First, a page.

What is Low Life? Um, hmm ... D&D in a giant toilet setting that uses the Savage Worlds system? If it's not your thing, just look at all the pretty pictures and nod and smile, and no one will get hurt.

Wednesday, May 15, 2013

42mm Samurai: Next group under way

Just a small update showing the progress on my latest batch of Steve Barber's 42mm miniatures.
Nothing too special about thee conversions. I've added beards and bushy mustaches to one of the peasants and samurai (ronin.) And everybody has had their weapons replaced with my self-made brass armaments.

On my ronin, I've filed the pointy shoulders off his kataginu so that he's only wearing the kimono. The way the sculpt is made required a couple holes to be filled in with green stuff. (The holes were not a molding error- they were just left over after my filing process.)

I had an extra straw hat, so I slung it on the back of one of my peasants. The other peasant (with shiny new axe, perhaps black market trade from China?) has a very rough (perhaps he self-made it) tatami mat rolled up and slung on his back; this was a spur-of-the-moment addition since I had some leftover green stuff. The axe-wielding peasant has also had his head removed and rotated just slightly to provide some variety.

These were the easy conversions. The tough conversions will come later (when I find time again between work hours). I have a couple ninja. One of them will be getting a yari (spear), while the other will be getting a short bow. The tough part will be sculpting new hands to accommodate the new weapons.

After a couple measurements, I'll be sculpting the hands right onto the weapons (and not to the ninjas themselves ... yet), and then pinning the hands/weapons to the ninjas. This way, the weapons will provided structure around which I can form the green stuff. This will also help keep the hands aligned on the yari-armed ninja (as long as I measure correctly.)

Tuesday, May 7, 2013

Maybe it's time for samurai again

I've finished converting cars for the time being, and have been wondering what to do next.
In the meantime, I've been reading the Japanese epic "Musashi." It's been a pretty good read so far, enough for me to dig out my samurai and think about new scenario ideas (though, with Musashi, most scenarios involve one badass against a bunch of ronin; or one badass against another guy who thinks he's badass at a martial arts school.)

In any case, I put in another small order at Steve Barber Models. I'm going to pick up a couple more ninja and see about trying to arm them differently than they already are. I'm not sure how these conversion will go; they feel a touch ambitious for my skills, but I figure I might as well try.

I'm also picking up a couple more of the unarmored samurai. One of whom will get his haori filed off so that he's just a ronin wearing a kimono, which I will paint in muted colors to reflect cheap fabric (itself to be skirted in mud.) I'm not sure what to do with the other samurai; I may just give him a different head rotation than the original (which is easy; this particular figure comes with his head separate.) Maybe I'll throw a beard on one of them (I guess the ronin should have the beard.)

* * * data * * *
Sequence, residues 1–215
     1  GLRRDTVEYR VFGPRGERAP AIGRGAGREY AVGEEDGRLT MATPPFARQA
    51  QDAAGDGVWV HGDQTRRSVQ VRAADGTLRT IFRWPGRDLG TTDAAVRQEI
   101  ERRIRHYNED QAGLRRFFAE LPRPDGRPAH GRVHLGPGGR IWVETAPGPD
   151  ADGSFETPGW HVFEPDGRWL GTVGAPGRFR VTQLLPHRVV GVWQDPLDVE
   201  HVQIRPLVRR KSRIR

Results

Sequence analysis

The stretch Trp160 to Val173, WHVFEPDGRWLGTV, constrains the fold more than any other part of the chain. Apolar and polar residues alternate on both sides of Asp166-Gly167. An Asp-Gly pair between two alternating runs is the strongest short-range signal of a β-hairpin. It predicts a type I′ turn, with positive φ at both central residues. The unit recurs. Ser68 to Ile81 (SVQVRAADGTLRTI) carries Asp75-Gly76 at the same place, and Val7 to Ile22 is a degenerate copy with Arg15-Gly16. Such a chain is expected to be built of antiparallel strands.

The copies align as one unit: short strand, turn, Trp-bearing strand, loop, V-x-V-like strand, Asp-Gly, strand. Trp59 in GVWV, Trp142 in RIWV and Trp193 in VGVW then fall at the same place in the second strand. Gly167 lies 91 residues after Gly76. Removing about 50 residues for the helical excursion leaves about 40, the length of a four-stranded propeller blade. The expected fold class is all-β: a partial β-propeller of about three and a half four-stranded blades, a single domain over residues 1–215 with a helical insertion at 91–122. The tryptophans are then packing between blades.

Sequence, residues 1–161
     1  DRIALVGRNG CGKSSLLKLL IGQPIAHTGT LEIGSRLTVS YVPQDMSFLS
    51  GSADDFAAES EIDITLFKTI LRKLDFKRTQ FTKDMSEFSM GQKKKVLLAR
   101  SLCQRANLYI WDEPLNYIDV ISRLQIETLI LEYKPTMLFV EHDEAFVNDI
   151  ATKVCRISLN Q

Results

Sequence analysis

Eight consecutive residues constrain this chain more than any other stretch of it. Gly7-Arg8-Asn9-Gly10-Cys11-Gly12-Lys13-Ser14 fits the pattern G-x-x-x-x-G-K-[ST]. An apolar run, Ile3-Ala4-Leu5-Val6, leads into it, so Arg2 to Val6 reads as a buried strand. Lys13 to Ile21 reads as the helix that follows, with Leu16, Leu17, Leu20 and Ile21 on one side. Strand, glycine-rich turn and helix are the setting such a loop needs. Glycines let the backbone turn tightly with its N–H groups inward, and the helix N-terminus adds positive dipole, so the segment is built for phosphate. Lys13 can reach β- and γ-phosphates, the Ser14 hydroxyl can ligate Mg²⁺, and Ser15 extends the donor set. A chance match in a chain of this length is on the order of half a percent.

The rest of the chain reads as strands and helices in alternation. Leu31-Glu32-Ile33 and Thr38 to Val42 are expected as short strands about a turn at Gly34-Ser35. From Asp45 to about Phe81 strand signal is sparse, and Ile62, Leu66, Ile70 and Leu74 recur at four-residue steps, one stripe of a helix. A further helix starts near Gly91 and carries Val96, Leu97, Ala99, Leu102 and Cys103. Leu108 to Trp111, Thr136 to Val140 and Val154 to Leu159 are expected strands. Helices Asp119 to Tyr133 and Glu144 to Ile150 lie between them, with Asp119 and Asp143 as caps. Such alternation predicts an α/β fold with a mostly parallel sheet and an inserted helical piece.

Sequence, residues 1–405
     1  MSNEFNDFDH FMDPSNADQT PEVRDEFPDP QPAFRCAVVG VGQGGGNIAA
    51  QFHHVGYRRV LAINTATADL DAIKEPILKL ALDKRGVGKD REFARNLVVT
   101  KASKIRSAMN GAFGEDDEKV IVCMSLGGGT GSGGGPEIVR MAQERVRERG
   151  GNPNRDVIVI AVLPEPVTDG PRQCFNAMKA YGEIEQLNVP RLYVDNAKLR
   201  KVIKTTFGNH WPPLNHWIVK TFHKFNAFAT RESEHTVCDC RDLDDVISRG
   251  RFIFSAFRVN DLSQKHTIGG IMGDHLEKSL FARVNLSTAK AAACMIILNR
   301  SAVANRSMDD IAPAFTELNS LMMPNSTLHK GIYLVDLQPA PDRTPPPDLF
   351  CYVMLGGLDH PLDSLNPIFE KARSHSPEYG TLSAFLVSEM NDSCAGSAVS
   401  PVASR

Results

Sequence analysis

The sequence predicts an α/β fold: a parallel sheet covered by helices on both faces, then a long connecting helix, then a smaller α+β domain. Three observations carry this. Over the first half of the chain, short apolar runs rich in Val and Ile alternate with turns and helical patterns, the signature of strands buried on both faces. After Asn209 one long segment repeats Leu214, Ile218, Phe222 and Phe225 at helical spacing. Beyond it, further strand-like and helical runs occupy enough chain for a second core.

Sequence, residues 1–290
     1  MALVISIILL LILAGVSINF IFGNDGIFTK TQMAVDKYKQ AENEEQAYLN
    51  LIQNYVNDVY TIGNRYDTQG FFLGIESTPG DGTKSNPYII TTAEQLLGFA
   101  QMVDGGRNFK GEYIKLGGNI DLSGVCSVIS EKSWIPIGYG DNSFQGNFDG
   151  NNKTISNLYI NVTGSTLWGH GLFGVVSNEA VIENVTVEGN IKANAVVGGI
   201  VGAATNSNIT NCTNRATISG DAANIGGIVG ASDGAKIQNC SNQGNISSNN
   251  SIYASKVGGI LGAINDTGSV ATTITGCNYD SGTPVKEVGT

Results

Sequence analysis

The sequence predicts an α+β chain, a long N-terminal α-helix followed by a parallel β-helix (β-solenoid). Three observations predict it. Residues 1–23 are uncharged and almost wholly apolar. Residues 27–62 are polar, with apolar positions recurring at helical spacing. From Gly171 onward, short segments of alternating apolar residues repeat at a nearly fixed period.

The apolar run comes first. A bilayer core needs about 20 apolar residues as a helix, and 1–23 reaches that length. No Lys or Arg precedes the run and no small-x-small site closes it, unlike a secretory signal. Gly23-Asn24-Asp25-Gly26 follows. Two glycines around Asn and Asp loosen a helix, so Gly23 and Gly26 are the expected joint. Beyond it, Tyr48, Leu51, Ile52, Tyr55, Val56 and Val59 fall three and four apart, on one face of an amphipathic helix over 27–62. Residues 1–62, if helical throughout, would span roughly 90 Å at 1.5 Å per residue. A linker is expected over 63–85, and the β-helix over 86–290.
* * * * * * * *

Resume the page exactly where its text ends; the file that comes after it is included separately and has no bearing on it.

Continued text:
I'm also picking up a couple more peasants, mostly because you can never have too many peasants.

Sunday, May 5, 2013

Machinas: Last of the cars for a bit

Here are the last two Machinas cars I'll be doing, at least until after the Machinas crowdfunding campaign. Among other things, the campaign will help fund some new sculpted weapons; getting a few new weapons will require a few new cars. Until then, here are the last couple cars I've added to my collection.

Dark Soul

Dark Soul refers to the "dark soul" of the night, the latest, darkest hours of night before the morning begins its approach. This also refers tot he time this contraband runner makes its trips across the Wasteland. In the Seven Hills history, I mentioned that of the four original cars modified by the Running Nomads for their black market freight venture, two had been captured by the Church. The first one was the Ram car. The second one is Dark Soul.

This vehicle is based on the 1958 Chevrolet Apache pickup truck. I wasn't sure if I wanted to model Dark Soul as a runner or a racer, so I did both. Really, the only difference are the guns; they are fixed to the truck with a brass rod/socket coupling (which also allows them to swivel.)

The hatch cover is made from a watch/calculator battery. The exhaust pipe is a piece of brass rod  bent into shape and passed through a brass tube. There's not much to this vehicle. It's not my favorite of my collection, but there were four Nomad runners, and I wanted to have a complete set.

Waiteri Johnsons